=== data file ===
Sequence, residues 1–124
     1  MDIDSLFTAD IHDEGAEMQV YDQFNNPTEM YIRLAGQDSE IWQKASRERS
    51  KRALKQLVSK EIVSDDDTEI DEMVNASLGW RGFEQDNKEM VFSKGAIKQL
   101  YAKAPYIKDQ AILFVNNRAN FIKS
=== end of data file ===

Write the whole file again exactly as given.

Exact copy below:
Sequence, residues 1–124
     1  MDIDSLFTAD IHDEGAEMQV YDQFNNPTEM YIRLAGQDSE IWQKASRERS
    51  KRALKQLVSK EIVSDDDTEI DEMVNASLGW RGFEQDNKEM VFSKGAIKQL
   101  YAKAPYIKDQ AILFVNNRAN FIKS